"Following lunch, we finished the whole time in an emphasis on what God has done with us individually and collectively with other churches. Basically, I cast a vision for being a catalyst for other churches and a catalyst for something that God might be stirring across our convention and across our town. At the point of commitment, everyone -- 100 percent -- stood in commitment to be faithful to follow God in that way," Brewer said.
Katie Harris, who participated in the solemn assembly at Meadowbrook, told Baptist Press that the questionnaire at the beginning led her to realize she was "just a really busted, broken person."
"Outwardly, I may have seemed like I was leading a good life, but inside I was harboring hurtful sins," she said.
Harris had struggled with anger and jealously following a miscarriage, and it wasn't until the solemn assembly that she realized those were sins that were separating her from God.
"That realization and following confession were like a huge weight being lifted off my shoulders, and I knew God led me to take part in the solemn assembly as a way of starting my emotional and spiritual recovery from our loss," she said. "Over the following days and weeks, He kept working in me and speaking to me through others.
"I feel like without my experience at the solemn assembly, I would've been oblivious to His promptings and kept trying to put on the happy facade I'd been wearing for months. Now, the anger, bitterness and jealousy are gone. Instead, there is peace in my heart because I took that time at the assembly to fully examine myself for all that I am, and not just what others see of me," Harris said.
Anna Delapaz, another church member, stayed at home with her children while her husband attended the solemn assembly, but God nevertheless spoke to her about getting her heart right.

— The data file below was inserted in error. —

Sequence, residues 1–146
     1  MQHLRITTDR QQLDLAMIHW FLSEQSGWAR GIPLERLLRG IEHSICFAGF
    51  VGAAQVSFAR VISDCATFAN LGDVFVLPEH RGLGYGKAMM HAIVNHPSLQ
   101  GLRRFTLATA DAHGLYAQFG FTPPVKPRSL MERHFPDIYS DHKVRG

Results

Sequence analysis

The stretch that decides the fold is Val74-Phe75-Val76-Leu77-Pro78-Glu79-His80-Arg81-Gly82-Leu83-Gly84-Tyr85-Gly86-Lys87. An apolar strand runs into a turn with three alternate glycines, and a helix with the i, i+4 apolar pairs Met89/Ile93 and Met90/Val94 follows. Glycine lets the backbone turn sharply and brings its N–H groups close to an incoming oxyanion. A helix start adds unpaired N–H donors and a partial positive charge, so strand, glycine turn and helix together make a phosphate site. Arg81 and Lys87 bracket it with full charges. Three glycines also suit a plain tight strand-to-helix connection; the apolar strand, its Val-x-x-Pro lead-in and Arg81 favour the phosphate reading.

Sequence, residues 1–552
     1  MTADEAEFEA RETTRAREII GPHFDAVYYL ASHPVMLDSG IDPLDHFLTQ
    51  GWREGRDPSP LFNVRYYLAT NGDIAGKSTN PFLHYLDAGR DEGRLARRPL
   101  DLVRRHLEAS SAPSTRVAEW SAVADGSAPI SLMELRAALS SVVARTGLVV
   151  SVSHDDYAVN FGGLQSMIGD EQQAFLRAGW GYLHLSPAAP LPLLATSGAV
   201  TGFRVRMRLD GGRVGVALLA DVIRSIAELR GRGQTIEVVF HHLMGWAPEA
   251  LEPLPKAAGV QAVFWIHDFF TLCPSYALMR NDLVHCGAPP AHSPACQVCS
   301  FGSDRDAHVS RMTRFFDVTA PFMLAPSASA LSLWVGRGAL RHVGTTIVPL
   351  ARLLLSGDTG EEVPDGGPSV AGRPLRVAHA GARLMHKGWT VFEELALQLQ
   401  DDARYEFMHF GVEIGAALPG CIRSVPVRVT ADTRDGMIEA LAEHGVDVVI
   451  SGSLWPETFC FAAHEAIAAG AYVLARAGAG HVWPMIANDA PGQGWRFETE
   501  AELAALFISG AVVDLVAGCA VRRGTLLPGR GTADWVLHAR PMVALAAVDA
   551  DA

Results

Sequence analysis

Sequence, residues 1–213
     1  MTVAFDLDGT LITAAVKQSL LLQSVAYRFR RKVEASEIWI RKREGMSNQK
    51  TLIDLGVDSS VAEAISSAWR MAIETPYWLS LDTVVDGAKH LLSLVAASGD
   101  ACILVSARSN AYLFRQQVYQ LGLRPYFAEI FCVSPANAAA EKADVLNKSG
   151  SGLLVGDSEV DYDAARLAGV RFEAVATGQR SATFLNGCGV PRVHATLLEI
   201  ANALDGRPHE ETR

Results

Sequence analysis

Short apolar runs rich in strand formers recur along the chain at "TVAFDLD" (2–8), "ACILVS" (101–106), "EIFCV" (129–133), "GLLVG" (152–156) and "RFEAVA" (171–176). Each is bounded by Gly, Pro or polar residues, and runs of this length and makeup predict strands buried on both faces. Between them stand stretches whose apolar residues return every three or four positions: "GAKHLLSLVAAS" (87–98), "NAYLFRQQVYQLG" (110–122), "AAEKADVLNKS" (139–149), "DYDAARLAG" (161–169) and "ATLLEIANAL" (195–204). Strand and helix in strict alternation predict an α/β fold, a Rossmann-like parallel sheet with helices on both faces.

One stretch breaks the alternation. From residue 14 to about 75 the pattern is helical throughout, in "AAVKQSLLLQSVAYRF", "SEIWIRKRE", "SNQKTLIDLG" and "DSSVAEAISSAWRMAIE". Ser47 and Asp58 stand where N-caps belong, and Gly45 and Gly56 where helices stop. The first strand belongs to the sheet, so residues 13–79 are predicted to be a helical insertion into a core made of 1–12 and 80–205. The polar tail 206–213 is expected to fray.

"I really had to lay down a lot of things in my heart as far as selfish things, as far as worry and anxiety, and just step out in faith," Delapaz told Baptist Press.
"... What I got from the idea of the solemn assembly was it was not just a purging of our selfish things or our internal checks but it was also for us to walk in His power and start seeing where God is answering prayers that maybe we're not seeing," Delapaz said. "It's about being able to start walking in a faith that may be very uncomfortable for us. We're seeing it. I'm seeing a lot of people start to wake up to sort of a new phase of what's going on after all of this.
"For me, it's been about really walking in His power. It's not just an emptying but a filling up to be able to reach others. It's not just about ourselves. It's for others as well," Delapaz said.
Brewer presented the idea of a solemn assembly during a Northwest convention executive board meeting earlier this year, and at least a couple other pastors led such events in their churches. They told their stories at the convention's annual meeting in November, and Brewer told about Meadowbrook before issuing a challenge for pastors and lay leaders to initiate repentance in their congregations.
"I received 42 commitment cards from pastors that they would be pursuing the Lord individually in this kind of way as well as leading their church into a solemn assembly experience and to partner with other churches in their area," Brewer said, adding that he is following up with those 42 and inviting others to join the emphasis.
In a video posted on www.pray4sbc.com, Wright, the SBC president, said the call to solemn assembly "is about returning to our first love of Jesus Christ."
"In our convention, in our churches and our lives, we have allowed materialism, we've allowed hedonism, workaholism and busyness, technology obsession, all kinds of other interests of the world to just invade and, really, become bigger priorities than the priority of our relationship with Jesus Christ," Wright said. "We need to fall in love with Jesus again in a new and fresh way. We need to return to our first love."
Wright's call was affirmed by members of the SBC's Great Commission Council, which is composed of the heads of the convention's entities. They issued a letter in November asking Southern Baptists to repent and come before God with a contrite heart.
Erin Roach is a staff writer for Baptist Press. To see Baptist Press' initial stories on the call for churches to engage in a solemn assembly in January, go to http://www.bpnews.net/bpnews.asp?id=34079